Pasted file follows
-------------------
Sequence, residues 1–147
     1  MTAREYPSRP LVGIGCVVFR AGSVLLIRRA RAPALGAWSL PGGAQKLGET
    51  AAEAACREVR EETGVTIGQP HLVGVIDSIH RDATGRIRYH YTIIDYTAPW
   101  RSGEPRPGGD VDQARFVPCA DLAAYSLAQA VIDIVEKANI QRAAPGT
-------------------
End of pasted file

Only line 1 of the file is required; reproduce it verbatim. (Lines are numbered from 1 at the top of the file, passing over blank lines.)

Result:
Sequence, residues 1–147